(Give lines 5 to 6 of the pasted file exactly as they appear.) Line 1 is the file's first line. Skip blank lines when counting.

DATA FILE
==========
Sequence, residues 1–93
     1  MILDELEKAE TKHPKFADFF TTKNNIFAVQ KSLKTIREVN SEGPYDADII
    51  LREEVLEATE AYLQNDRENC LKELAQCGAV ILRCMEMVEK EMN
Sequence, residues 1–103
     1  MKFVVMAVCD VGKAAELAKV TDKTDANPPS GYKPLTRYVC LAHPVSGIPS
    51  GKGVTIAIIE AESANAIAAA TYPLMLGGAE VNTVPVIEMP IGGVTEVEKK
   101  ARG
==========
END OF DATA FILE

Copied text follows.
     1  MKFVVMAVCD VGKAAELAKV TDKTDANPPS GYKPLTRYVC LAHPVSGIPS
    51  GKGVTIAIIE AESANAIAAA TYPLMLGGAE VNTVPVIEMP IGGVTEVEKK